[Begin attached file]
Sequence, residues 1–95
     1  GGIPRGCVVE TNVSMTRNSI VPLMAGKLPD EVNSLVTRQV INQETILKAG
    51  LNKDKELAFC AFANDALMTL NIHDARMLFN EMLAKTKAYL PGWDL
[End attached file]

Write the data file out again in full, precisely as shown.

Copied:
Sequence, residues 1–95
     1  GGIPRGCVVE TNVSMTRNSI VPLMAGKLPD EVNSLVTRQV INQETILKAG
    51  LNKDKELAFC AFANDALMTL NIHDARMLFN EMLAKTKAYL PGWDL